Who we are
The continued overuse of water combined with the ever worsening degradation of agro-ecosystems, present a serious challenge to farm households in rural communities that predominantly depend on land productivity for their livelihoods. The situation is further exasperated by increasing population, agricultural, industrial, and urban growth. Funded by the United States Agency for International Development (USAID), and managed by the International Center for Agricultural Research in Dry Areas (ICARDA), the Middle East Water and Livelihoods Initiative (WLI) aims to improve the livelihoods of rural households and communities in seven countries.
The countries which include Egypt, Iraq, Jordan, Lebanon, Palestine, and Yemen face serious challenges resulting from water scarcity, land degradation, water quality deterioration, food insecurity and health problems. The Initiative, primarily targets specific benchmark sites in each country that typify the full spectrum of livelihood and watershed constraints. The sites also represent the three main agro-ecological systems in the region namely irrigated, rainfed, and rangeland. Research technologies and strategies developed in the benchmark sites can thus be disseminated in the region by ‘scaling-out’ the lessons learned and the results obtained at the benchmark sites.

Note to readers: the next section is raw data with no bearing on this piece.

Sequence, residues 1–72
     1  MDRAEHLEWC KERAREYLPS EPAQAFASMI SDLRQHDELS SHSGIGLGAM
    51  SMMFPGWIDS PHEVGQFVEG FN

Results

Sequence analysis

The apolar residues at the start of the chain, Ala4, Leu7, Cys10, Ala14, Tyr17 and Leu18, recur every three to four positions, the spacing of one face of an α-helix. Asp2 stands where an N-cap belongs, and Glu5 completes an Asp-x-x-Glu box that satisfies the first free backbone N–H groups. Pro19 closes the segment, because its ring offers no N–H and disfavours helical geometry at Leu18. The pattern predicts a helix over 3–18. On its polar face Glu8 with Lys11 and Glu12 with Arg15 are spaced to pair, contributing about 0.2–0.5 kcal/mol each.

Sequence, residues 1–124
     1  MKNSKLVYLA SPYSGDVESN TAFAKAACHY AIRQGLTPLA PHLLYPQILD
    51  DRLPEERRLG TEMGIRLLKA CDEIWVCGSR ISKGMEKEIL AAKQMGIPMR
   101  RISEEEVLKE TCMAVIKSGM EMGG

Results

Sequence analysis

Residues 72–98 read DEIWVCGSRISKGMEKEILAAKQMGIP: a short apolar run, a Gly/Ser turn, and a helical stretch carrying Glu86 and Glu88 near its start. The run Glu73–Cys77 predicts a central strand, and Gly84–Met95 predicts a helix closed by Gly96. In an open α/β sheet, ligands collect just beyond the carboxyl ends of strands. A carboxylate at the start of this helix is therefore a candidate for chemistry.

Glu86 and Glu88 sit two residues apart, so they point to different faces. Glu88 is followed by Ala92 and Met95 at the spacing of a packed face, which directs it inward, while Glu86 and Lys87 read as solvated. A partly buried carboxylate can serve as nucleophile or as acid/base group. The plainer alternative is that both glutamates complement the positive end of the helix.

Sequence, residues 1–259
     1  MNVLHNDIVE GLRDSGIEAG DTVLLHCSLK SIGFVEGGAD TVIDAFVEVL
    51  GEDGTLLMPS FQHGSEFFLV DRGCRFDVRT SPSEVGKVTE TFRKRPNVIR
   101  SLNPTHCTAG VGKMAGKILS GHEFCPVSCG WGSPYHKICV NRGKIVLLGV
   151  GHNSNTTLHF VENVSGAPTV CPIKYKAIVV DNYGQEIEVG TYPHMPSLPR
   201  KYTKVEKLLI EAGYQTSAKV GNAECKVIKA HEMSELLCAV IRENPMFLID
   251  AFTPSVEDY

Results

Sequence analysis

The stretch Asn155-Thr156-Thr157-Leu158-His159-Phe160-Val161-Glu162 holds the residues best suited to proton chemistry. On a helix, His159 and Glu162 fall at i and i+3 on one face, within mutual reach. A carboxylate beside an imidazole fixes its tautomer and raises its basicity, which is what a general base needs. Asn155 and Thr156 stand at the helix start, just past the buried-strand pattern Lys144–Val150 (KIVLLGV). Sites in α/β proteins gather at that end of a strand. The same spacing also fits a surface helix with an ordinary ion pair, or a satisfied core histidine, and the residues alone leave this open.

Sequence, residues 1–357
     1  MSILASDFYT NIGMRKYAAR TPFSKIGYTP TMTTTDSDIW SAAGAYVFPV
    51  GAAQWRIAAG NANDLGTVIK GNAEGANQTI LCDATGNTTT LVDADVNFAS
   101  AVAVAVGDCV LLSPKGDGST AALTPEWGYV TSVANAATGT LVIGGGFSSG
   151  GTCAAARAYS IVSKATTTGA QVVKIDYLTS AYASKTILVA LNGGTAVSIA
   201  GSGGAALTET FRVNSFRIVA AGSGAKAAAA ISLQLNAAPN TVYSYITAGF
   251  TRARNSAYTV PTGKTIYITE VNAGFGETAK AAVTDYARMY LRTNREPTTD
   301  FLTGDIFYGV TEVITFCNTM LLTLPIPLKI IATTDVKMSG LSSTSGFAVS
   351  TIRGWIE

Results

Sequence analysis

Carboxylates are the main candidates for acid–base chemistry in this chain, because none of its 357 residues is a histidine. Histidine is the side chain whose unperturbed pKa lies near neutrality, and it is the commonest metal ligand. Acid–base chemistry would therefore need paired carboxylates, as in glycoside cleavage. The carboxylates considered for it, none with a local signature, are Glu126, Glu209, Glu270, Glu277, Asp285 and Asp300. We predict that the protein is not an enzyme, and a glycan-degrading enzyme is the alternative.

One of the main strengths of WLI is its emphasis on the use of existing data, social capital, research linkages, partnerships and proven methodologies and technologies in the Middle East thereby ensuring the sustainability of the impacts achieved. The initiative thus highly promotes self-reliance by building on local knowledge and enhancing the capacity of national and regional implementing partners.
This is done by drawing from a wide multi-disciplinary pool of expertise from ICARDA, International Water Management Institute (IWMI), four U.S. universities (University of Florida, Texas A&M, University of California at Davis and Colorado State University), and three Regional Universities (American University in Cairo, American University of Beirut, and the University of Jordan). Key stakeholders at the benchmark sites include National Agricultural Research Systems (NARS), farmers, extension agents, and student researchers (MA and PhD levels) from the region and the United States.